Representation theory of finite groups

Representation theory is about understanding and exploiting symmetry using linear algebra. The central objects of study are linear actions of groups on vector spaces. This gives rise to a very structured and beautiful theory. The aim of this course dealing with finite groups and complex vector spaces is to introduce this theory.

Representation theory plays a major role in mathematics and physics. For example, it provides a framework for understanding finite groups, special functions, and Lie groups and algebras. In number theory, Galois groups are studied via their representations; this is closely related to modular forms. In physics, representation theory is the mathematical basis for the theory of elementary particles.

After introducing the concept of a representation of a group, we will study decompositions of representations into irreducible constituents. A finite group only has finitely many distinct irreducible representations; these are encoded in a matrix called the character table of the group. One of the goals of this course is to use representation theory to prove Burnside's theorem on solvability of groups whose order is divisible by at most two prime numbers. Another goal is to construct all irreducible representations of the symmetric group.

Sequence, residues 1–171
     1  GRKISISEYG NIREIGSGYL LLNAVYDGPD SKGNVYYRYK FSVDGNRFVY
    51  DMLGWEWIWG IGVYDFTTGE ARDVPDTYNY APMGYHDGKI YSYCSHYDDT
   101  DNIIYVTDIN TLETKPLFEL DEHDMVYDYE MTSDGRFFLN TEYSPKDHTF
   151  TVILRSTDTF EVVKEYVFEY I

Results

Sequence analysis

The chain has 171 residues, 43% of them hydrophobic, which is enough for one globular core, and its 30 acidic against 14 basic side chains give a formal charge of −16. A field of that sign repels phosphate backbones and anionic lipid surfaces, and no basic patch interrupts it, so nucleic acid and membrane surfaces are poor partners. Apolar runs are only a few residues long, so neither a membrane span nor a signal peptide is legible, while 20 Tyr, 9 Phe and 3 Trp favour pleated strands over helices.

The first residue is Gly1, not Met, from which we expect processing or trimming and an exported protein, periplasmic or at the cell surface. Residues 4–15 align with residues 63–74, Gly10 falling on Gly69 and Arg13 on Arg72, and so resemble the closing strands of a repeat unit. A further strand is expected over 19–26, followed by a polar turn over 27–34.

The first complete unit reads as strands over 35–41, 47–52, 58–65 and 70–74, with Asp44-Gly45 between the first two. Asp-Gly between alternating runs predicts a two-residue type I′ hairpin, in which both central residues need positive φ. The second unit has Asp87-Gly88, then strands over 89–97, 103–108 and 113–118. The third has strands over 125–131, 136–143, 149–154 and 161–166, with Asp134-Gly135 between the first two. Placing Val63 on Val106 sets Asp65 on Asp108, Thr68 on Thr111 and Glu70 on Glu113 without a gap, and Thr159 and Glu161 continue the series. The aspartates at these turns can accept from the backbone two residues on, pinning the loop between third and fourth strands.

Schedule (tentative)

We will aim to do everything in Steinberg's book excluding Section 7.3, Chapter 9 and Chapter 11.

Week 1: Definition of a representation; recap of group theory and linear algebra. notes, exercises
Week 2: Start with Chapter 3. notes, exercises (no lecture on April 15th)
Week 3: Finish with Chapter 3. notes, exercises
Week 4: Sections 4.2 and 4.3 (lecture via Zoom)
Week 5: Finish with Chapter 4. notes, exercises
Week 6: These lecture notes written by Jop Briƫt and Dion Gijswijt. More notes, exercises
Week 7: Start with Chapter 6. exercises
Week 8: (no lecture on May 26th)
Week 9:
Week 10:
Week 11:
Week 12: (lecture via Zoom)
Week 13: (replacement lecturer)
Week 14:
Week 15:

Exam: July 22th